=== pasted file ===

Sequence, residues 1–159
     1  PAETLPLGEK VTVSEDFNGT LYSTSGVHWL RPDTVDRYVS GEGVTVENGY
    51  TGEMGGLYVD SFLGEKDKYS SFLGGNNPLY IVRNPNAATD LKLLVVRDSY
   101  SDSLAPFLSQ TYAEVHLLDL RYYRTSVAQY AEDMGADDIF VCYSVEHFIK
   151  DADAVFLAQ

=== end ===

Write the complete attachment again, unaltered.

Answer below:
Sequence, residues 1–159
     1  PAETLPLGEK VTVSEDFNGT LYSTSGVHWL RPDTVDRYVS GEGVTVENGY
    51  TGEMGGLYVD SFLGEKDKYS SFLGGNNPLY IVRNPNAATD LKLLVVRDSY
   101  SDSLAPFLSQ TYAEVHLLDL RYYRTSVAQY AEDMGADDIF VCYSVEHFIK
   151  DADAVFLAQ